Few historians today think FDR had a finely tuned policy agenda in the back of his mind at any point during his twelve years in the White House. What he did have, though, was worth far more. Eliot Janeway, looking at FDR’s oft-criticized record in preparing the nation for war–and for what became the swiftest, most enormous and most complex expansion of the economy and the government in America’s history–named what was essential.
Roosevelt’s critics have said–and say–he organized Washington into…a comptroller’s hell, into a jungle of confusion…. They are right. He did. And yet this irresponsibility–so disastrous on the face of it–did not result in disaster…. To Roosevelt, the important question was the participation of the nation in its own defense, not the administrative planning for this participation…. So long as the home front was big at the base, Roosevelt was willing to bet he could let it be confused at the top–and he and he alone had the power, the genius, the dramatic instinct, and above all the daring to make it as big outside Washington and as amorphous inside Washington as he pleased.
It’s those qualities–his ability to project a sense of trust in people’s ability to rise to common needs and dreams, plus his capacity as democratic leader to help them find the means needed to triumph–that defined Roosevelt’s genius. And it’s crucial for us to recognize why his style of “democratic leadership” was and is more challenging than “leadership of a democracy” or of business leadership or military leadership or most kinds of political leadership touted as “what we need today.” Crucial among the gifts of a true democratic leader, as FDR clearly was, is the ability to share not so much policies but stories, parables that incorporate moral and ethical vision, narratives of who we are and where we came from, and why we are together and where we can go, and what we can achieve if we work together.
March 4 marked the seventy-fifth anniversary of FDR’s inauguration as President–and more than likely, you heard his famous line about “nothing to fear but fear itself” trotted out for beneficent, bipartisan approval. It deserves to be quoted–but take a moment and go online to read the whole speech (like the Gettysburg Address or JFK’s inaugural, it is not long) and read down until you come to his description of how America will recover and grow once more. This is what he said about the reasons we’d been made afraid:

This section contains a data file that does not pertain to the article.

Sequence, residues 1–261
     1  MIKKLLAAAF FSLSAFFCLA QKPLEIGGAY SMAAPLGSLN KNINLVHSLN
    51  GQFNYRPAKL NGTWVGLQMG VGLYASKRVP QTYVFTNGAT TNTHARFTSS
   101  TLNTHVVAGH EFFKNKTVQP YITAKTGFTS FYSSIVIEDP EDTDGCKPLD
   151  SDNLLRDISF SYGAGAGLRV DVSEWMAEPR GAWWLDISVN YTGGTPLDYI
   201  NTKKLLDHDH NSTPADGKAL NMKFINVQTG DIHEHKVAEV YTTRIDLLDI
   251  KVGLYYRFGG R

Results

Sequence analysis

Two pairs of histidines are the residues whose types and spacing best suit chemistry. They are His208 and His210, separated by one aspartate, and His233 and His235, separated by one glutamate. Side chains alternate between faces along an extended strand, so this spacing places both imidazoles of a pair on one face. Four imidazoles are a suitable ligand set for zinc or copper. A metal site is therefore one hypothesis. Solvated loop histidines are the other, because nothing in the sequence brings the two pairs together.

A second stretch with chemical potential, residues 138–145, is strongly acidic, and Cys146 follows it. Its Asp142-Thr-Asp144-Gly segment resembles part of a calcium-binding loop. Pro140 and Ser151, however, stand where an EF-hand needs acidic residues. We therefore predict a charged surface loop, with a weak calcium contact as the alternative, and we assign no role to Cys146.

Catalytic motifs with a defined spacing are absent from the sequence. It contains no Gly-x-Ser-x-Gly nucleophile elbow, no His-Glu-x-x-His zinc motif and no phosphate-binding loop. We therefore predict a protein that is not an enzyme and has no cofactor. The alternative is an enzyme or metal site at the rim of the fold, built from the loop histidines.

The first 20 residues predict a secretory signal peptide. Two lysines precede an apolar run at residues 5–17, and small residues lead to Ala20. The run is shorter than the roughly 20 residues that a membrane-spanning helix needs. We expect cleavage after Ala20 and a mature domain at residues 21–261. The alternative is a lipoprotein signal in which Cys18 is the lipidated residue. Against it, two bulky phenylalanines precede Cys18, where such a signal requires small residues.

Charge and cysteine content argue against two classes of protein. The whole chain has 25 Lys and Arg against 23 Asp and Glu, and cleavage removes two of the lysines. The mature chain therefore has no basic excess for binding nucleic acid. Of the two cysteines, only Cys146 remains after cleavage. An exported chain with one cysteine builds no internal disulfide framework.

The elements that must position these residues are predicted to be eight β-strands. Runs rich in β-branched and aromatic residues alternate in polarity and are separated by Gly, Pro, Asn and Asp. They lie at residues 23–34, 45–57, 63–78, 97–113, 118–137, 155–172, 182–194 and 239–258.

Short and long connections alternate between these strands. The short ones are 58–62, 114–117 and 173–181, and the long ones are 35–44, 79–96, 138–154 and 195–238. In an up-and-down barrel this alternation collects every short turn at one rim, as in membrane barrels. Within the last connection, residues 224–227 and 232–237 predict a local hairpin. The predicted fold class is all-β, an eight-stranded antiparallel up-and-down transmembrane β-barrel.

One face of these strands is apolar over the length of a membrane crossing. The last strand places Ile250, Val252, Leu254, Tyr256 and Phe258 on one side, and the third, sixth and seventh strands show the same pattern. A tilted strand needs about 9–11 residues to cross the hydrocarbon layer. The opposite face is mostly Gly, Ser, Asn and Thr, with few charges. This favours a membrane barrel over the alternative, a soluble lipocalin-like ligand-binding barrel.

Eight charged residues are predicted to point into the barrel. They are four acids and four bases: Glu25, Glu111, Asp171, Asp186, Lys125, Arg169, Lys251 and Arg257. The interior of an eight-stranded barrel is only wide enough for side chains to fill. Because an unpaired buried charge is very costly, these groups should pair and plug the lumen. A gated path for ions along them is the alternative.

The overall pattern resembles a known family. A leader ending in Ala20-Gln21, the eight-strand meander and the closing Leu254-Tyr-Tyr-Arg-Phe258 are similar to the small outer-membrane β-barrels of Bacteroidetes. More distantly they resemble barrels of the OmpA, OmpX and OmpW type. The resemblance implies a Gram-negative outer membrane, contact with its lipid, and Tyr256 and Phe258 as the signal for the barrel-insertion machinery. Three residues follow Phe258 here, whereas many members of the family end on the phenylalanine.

Our distress comes from no failure of substance…. Compared with the perils which our forefathers conquered because they believed and were not afraid, we have still much to be thankful for. Nature still offers her bounty and human efforts have multiplied it. Plenty is at our doorstep, but a generous use of it languishes in the very sight of the supply.
Primarily this is because the rulers of the exchange of mankind’s goods have failed through their own stubbornness and their own incompetence, have admitted their failures and abdicated.
Faced by failure of credit, they have proposed only the lending of more money. Stripped of the lure of profit…they have resorted to exhortations, pleading tearfully for restored conditions. They know only the rules of a generation of self-seekers.
The money changers have fled their high seats in the temple of our civilization. We may now restore that temple to the ancient truths. The measure of the restoration lies in the extent to which we apply social values more noble than mere monetary profit.
Happiness lies not in the mere possession of money; it lies in the joy of achievement, in the thrill of creative effort. These dark days will be worth all they cost us if they teach us that our true destiny is not to be ministered unto but to minister to ourselves and to our fellow-men.
In the roughly ninety seconds it took FDR to deliver those words on a bleak and unpromising day in Washington at the tail end of winter seventy-five years ago, he described a politics, an economics and a morality at once–and thereby told Americans how they could and should make change, that he would lead them in doing so and who would oppose them.
He didn’t cut to the middle or appeal to an interest group; he didn’t divide the country into friends and enemies (though he named those he intended to struggle against); and he held out the promise that all could work together, though he knew in truth they never would.
And then together, the Americans who knew his story–and knew it was their own–set about the work ahead of them.